09 Jan 2005 Ryan Sager: Law and the Armstrong Williams Case
I’ve been reading various bloggers’ takes on the Armstrong Williams case (La Shawn Barber, Ramblings’ Journal, Booker Rising, Michelle Malkin, Croooow Blog, Tapscott’s Copy Desk, Joust the Facts, She Who Will Be Obeyed! and many, many others), but I didn’t see anyone address the issue I was wondering about: What does the law actually say about the legality of the kind of payments the Department of Education made?
It seems to me the law itself is the paramount issue. If this is legal, and folks don’t think it should be (as I don’t), the law should be changed. If it isn’t legal and it happened anyway, why and how can it be stopped? It is easy enough to say Armstrong should not have quietly taken the payments, but he’s still just one person. If he stops, that doesn’t stop the practice by anyone else, now and in the future.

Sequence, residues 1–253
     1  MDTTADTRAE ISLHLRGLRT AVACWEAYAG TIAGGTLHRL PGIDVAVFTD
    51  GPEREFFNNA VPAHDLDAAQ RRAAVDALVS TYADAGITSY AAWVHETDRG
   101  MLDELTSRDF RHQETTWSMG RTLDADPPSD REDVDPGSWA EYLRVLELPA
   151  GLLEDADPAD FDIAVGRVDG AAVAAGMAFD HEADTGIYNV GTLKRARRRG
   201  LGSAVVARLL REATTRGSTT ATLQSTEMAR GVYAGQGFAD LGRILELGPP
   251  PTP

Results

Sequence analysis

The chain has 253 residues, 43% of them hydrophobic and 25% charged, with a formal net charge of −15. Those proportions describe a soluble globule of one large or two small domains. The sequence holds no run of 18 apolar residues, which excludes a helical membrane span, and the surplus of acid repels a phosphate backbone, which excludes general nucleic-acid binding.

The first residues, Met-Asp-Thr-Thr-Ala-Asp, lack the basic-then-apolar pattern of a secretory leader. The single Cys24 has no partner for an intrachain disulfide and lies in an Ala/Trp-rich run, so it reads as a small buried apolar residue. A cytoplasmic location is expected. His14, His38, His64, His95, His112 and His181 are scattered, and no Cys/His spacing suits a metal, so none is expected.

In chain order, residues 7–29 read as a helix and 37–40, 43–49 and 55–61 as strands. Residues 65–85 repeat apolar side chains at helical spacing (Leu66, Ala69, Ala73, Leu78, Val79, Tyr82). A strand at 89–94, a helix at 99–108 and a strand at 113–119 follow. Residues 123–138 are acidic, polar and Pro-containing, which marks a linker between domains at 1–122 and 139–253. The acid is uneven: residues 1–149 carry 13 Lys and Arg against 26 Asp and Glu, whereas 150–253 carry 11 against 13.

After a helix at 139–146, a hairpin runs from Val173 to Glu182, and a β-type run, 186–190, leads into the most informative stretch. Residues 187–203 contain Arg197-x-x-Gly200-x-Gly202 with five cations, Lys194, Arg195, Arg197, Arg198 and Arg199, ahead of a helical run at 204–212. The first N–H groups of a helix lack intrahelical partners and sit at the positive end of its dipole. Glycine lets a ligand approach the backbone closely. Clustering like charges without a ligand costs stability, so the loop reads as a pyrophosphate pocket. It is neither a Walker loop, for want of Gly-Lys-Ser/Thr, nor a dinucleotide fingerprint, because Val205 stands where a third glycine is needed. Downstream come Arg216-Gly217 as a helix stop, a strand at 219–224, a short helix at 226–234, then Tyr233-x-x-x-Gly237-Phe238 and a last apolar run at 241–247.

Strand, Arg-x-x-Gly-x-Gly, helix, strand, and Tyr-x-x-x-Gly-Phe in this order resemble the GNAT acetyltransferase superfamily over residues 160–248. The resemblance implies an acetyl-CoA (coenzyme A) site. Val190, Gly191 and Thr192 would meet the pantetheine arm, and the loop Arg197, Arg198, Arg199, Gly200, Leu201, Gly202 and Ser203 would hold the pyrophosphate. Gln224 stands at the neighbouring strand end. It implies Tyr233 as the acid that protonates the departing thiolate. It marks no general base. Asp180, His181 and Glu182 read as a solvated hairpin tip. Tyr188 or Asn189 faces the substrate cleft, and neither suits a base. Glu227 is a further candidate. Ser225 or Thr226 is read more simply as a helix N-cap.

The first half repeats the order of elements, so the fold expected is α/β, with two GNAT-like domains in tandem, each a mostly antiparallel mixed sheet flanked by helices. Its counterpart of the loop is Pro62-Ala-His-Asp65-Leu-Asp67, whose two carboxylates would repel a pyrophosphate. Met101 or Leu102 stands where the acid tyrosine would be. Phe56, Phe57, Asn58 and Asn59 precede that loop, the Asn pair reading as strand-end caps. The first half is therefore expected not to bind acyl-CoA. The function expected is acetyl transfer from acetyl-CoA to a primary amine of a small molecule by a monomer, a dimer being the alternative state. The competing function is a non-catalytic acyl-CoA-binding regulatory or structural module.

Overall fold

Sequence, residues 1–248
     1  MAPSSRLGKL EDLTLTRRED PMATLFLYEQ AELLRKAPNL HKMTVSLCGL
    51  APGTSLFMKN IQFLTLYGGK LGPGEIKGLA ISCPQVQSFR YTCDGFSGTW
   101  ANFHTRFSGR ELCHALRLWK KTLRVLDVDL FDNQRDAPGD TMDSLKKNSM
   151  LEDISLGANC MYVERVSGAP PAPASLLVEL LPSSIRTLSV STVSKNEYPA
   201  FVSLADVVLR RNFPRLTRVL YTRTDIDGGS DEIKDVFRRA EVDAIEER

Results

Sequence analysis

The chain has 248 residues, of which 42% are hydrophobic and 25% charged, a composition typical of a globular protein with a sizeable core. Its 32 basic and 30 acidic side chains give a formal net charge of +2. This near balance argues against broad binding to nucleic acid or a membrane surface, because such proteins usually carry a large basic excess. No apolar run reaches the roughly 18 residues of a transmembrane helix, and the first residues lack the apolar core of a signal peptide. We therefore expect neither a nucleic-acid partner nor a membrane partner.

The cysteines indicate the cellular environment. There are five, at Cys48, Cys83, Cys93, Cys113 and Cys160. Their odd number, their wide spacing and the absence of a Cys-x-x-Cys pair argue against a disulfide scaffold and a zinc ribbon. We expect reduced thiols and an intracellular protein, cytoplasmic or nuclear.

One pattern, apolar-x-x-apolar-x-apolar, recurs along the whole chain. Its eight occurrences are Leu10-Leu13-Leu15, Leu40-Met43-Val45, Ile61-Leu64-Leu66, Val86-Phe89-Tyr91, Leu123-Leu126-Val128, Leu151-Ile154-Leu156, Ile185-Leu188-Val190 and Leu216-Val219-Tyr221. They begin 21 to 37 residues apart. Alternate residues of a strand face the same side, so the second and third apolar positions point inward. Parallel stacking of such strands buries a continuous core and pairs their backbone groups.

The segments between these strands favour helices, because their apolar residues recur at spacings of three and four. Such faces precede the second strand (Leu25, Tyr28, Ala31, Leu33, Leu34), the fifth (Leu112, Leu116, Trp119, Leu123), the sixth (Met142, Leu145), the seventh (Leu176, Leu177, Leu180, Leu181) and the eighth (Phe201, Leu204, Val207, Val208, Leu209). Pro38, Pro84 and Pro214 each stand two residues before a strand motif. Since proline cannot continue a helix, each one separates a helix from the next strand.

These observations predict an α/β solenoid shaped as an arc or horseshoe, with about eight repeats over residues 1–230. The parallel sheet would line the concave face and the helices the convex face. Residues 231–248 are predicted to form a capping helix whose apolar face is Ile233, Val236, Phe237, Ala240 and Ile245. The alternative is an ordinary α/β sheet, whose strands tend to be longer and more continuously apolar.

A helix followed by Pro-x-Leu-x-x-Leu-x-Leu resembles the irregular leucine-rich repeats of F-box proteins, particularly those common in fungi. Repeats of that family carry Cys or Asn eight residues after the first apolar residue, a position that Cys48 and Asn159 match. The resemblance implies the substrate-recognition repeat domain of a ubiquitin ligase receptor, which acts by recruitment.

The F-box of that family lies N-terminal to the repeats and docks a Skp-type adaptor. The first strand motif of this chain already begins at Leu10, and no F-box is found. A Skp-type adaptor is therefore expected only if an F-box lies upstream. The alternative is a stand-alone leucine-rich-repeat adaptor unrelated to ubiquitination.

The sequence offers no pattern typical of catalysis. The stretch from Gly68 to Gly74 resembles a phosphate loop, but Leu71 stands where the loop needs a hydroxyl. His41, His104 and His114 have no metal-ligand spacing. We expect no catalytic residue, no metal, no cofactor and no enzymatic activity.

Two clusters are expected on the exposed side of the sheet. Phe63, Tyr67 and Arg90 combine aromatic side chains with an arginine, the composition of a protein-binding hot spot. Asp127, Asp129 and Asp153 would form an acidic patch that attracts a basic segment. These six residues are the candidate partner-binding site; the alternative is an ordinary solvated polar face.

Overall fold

As a side note, Mark Tapscott’s coverage of this includes some very useful information and a number of links about filing FOIA (Freedom of Information Act) requests without paying legal fees. Some folks might want to bookmark it.
Oh, and as another side note, since The National Center for Public Policy Research sponsors Project 21, the national leadership group of black conservatives: The National Center/Project 21 has never received, nor applied for, federal funding nor funding from any state.